Posted on August 20, 2021
Professor Thulani Makhalanyane and Professor Emma Archer say that life found only in Africa, from invisibly tiny microbes to huge mammal herds and our kaleidoscope of plants, can give us medicines, technologies and ways to manage climate change.
Prof Archer is a researcher at UP’s Department of Geography, Geoinformatics and Meteorology. She studies the effects of climate change on biodiversity and sustainable agriculture in the Waterberg biosphere in Limpopo and the eastern Karoo in the Northern Cape.
“South Africa has an amazing richness of biodiversity ecosystem services, and we’re one of the last places that have large assemblages of large mammals,” she says.
Professor Emma Archer, researcher at UP’s Department of Geography, Geoinformatics and Meteorology.
As co-chair of the Intergovernmental Science-Policy Platform on Biodiversity and Ecosystem Services (IPBES), Prof Archer recently outlined how climate change threatens biodiversity in southern Africa, and how this biodiversity underpins the unique genetic diversity found in the region’s agriculture.
For example, rooibos tea is unique to South Africa, and there is ongoing research on the many wild types that are resilient to climate change. The Nguni cow is unique as well – it is essential to the South African beef market mainly for its hardiness. Currently, UP researchers are looking at how the genetic diversity of other southern African cattle can boost economic growth.
Microscopic organisms in various complex African ecosystems are just as genetically diverse as these larger fauna and flora.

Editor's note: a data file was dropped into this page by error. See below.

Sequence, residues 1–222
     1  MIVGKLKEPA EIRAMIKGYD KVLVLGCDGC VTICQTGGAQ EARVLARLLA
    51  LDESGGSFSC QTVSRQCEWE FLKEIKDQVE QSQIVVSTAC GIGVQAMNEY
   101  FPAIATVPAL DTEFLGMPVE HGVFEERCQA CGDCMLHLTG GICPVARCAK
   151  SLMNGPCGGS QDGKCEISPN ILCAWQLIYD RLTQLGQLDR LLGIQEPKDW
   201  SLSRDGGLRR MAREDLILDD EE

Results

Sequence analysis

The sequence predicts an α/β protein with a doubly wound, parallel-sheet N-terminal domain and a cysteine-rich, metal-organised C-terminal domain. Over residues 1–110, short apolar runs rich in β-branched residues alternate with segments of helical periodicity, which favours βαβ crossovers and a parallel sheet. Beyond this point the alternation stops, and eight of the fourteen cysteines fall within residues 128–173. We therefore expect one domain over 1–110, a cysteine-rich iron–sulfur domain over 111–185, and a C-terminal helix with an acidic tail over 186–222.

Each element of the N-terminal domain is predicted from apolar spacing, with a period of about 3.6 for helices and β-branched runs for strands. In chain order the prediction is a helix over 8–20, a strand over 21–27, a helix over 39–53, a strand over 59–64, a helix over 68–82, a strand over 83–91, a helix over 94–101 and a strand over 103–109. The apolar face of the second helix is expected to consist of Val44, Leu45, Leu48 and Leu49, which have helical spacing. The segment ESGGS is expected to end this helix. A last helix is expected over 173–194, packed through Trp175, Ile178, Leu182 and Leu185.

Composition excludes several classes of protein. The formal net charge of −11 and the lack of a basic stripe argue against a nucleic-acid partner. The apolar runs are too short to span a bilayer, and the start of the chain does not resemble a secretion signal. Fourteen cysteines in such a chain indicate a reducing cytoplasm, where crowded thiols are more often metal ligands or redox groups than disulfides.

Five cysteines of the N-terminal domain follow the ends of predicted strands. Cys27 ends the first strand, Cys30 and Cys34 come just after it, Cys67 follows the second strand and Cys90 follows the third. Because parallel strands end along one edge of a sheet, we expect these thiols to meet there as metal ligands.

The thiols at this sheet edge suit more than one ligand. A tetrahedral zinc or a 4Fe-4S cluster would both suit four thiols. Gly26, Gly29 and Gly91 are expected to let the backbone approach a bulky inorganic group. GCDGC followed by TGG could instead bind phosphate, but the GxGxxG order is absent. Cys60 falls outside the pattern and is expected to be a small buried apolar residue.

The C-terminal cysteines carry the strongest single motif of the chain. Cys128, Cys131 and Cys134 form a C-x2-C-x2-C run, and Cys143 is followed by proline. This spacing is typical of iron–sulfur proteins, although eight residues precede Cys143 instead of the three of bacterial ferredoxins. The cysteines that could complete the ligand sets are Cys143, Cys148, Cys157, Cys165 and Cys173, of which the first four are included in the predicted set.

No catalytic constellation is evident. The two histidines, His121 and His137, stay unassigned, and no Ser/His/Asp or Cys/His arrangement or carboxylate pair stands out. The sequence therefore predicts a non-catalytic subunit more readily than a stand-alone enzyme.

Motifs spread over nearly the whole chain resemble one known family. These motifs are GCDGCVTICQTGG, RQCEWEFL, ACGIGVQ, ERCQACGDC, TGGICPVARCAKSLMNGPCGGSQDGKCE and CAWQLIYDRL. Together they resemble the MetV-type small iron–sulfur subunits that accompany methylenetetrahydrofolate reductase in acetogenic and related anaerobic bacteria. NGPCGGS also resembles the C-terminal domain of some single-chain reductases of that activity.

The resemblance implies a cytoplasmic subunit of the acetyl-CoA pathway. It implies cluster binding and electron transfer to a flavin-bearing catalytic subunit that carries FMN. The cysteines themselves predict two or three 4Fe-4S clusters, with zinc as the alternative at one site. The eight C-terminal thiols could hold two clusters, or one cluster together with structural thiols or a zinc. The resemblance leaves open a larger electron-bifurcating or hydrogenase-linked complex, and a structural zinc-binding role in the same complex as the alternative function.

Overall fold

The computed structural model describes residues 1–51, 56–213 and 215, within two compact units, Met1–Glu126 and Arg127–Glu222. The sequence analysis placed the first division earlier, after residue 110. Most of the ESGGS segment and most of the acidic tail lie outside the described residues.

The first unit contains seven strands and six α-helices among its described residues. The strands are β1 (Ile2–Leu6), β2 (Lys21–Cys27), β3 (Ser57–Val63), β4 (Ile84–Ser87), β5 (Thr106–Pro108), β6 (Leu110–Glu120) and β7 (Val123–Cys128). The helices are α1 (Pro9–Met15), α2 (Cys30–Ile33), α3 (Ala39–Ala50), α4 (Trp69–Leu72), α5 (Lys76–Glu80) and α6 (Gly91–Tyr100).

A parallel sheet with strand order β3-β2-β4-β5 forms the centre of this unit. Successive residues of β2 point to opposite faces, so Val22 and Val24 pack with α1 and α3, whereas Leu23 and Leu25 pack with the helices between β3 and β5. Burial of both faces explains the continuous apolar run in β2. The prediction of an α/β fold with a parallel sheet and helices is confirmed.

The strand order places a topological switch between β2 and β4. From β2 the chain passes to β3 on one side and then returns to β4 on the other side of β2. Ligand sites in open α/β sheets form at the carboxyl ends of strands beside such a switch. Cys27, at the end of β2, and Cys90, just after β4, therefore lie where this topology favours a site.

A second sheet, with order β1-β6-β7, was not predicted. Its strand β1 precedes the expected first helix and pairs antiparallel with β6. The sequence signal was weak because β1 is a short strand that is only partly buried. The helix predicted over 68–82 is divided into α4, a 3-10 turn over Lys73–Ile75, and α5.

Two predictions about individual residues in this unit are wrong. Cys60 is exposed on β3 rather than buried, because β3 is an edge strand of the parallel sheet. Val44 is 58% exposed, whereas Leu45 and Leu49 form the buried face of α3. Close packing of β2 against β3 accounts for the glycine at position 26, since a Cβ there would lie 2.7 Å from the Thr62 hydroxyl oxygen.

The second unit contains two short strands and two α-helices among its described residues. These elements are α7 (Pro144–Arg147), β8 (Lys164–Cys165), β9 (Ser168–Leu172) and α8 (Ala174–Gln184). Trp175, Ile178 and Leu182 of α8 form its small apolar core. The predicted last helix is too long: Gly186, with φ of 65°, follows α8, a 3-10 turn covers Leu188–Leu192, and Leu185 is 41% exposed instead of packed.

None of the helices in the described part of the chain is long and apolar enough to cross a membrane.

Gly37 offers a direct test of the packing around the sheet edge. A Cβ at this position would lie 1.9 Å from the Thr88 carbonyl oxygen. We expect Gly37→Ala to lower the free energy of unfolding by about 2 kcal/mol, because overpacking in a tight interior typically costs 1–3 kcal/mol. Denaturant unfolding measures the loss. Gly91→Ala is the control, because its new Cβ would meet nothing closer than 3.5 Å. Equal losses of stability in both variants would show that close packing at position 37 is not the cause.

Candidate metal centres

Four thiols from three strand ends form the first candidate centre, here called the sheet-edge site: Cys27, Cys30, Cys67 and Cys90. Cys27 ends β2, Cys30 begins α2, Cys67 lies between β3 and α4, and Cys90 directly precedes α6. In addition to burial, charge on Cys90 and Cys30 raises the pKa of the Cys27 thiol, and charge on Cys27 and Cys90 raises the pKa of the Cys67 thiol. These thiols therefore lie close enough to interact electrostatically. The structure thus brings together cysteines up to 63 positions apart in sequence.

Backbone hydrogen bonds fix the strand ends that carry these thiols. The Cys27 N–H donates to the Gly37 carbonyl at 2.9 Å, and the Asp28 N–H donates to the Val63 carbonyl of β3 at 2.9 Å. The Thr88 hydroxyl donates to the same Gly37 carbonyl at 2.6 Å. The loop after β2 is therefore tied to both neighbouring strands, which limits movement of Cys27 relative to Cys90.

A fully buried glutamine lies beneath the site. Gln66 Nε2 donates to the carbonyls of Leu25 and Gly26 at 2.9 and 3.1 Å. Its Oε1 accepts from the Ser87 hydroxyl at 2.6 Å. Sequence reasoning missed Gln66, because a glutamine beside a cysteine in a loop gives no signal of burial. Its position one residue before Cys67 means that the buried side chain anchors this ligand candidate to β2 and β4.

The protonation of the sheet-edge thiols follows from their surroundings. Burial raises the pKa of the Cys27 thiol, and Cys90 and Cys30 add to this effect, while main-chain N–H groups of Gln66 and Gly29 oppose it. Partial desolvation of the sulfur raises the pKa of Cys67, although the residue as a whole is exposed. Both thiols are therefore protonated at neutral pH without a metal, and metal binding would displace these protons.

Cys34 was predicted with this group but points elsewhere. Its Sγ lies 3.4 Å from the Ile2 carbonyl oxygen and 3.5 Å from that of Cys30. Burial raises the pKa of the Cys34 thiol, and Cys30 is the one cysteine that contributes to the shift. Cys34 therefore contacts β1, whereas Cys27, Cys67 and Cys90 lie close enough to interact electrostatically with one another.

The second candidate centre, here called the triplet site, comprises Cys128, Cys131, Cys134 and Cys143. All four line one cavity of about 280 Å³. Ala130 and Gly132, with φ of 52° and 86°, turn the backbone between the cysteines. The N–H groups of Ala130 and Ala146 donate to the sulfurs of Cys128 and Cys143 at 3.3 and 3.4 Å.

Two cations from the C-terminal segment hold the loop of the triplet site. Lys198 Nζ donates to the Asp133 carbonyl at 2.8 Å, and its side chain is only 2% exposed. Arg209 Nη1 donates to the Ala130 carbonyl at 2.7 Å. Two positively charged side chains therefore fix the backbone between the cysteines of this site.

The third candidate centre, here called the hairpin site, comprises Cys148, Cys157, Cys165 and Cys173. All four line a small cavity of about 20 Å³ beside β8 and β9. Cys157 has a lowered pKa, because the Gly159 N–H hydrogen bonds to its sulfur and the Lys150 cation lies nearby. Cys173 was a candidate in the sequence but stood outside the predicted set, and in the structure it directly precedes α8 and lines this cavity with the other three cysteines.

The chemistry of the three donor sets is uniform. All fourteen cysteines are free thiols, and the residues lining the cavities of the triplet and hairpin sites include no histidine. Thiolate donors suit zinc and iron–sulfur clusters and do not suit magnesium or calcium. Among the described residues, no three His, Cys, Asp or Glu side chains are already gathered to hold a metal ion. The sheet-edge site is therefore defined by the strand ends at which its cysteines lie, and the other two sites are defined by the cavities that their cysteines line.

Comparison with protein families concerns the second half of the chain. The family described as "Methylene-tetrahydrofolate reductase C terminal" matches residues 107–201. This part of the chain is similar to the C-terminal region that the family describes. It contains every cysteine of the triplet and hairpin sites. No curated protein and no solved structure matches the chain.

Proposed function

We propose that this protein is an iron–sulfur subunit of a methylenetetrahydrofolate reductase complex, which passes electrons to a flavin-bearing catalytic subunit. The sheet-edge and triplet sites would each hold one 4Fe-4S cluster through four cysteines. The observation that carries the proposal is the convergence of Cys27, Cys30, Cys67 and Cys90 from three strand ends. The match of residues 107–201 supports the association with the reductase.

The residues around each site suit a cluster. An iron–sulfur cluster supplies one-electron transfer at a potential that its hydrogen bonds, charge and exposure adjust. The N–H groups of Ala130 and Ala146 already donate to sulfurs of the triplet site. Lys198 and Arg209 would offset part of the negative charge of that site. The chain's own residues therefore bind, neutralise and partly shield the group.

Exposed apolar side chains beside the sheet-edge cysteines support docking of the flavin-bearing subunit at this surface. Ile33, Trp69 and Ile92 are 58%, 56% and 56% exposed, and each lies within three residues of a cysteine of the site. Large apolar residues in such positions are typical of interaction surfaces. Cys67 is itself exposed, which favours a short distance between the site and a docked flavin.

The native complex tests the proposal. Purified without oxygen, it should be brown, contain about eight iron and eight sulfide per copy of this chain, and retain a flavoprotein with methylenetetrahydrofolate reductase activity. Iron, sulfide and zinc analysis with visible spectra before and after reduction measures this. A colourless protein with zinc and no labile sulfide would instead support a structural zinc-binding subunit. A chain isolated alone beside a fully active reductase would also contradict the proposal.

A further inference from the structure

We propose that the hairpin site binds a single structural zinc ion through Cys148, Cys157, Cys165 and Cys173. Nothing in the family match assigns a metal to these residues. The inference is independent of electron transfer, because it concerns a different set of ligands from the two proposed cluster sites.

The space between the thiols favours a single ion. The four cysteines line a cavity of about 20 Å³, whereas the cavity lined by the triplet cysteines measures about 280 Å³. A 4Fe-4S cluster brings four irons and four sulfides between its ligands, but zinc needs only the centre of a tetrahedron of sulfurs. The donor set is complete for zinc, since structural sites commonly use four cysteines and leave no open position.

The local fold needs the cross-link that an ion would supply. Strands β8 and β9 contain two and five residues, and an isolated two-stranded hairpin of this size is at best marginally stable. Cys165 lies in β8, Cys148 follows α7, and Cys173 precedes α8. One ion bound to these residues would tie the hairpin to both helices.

Prof Makhalanyane, a researcher at UP’s Centre for Microbial Ecology and Genomics, says microbial biodiversity affects all aspects of life, from the carbon cycle that affects climate change, the cycling of nitrogen which is important for agriculture, to microbes found in your gut.
“I’m interested in microbes that live in extreme environments and to understand the molecular mechanisms to harness the capabilities for biotechnology,” he says. In other words, he wants to find microbes that have evolved enzymes that may be useful, such as enzymes that could degrade plastic waste, clean contaminated water or replace harmful chemicals in factories.
Professor Thulani Makhalanyane is a researcher at UP’s Centre for Microbial Ecology and Genomics.
Prof Makhalanyane and other UP researchers are looking specifically at the more than 99% uncharacterised microbes found in arid zones and coastal areas across the continent. With commercial partners, they use cutting-edge technologies in bioinformatics and artificial intelligence to pinpoint these valuable enzymes within a soup of microbes sampled from different locations.
“These methods allow us to directly extract DNA from any environment, and we use bioinformatics and AI to put together that 50 000-piece puzzle to get an idea of what’s there and what they do,” Prof Makhalanyane says.
Microorganisms that live comfortably in extreme environments can also help scientists develop crops that cope better in unpredictable climates, Prof Makhalanyane says. For example, former UP researcher Dr Habibu Aliyu looked at how the bacterium Nesterenkonia can thrive in the extremely cold and dry soils of eastern Antarctica.
Many other UP researchers are finding new ways of using African biodiversity to help tackle global changes like rising temperatures and ocean acidification and help grow the continent’s bio-economy. But they are also looking at how economies and global change threaten biodiversity.
Prof Makhalanyane says the nature of micro-ecosystems means researchers can see the effects of climate change faster at a small scale than at the scale of the macro-ecosystem. This is known as microcosm research, and Prof Makhalanyane is leading an effort to study the effects of climate change on microbiomes of the south Atlantic ocean.
On the macro-scale, Prof Archer says she is looking forward to Professor Nigel Barker’s Great Escarpment Biodiversity Programme, which will help close gaps in our knowledge about key sources of ecosystem services in South Africa.
“I think we still have a long way to go in accounting for the true value of ecosystem services in South Africa and Africa,” she says. “Scientists have a big responsibility to pull together the best biodiversity research and to communicate it well.”
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